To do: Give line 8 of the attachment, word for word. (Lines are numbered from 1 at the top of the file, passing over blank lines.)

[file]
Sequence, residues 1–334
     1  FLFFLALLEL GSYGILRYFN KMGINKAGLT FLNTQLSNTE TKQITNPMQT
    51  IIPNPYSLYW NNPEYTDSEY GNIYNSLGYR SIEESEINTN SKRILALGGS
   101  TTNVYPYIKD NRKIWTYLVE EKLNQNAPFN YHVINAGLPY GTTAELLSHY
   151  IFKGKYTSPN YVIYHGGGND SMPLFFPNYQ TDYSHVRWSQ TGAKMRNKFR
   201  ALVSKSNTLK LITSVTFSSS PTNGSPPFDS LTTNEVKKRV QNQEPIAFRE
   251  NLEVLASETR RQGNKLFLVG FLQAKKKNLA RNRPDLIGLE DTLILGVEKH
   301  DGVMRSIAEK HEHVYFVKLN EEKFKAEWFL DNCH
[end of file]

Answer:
   301  DGVMRSIAEK HEHVYFVKLN EEKFKAEWFL DNCH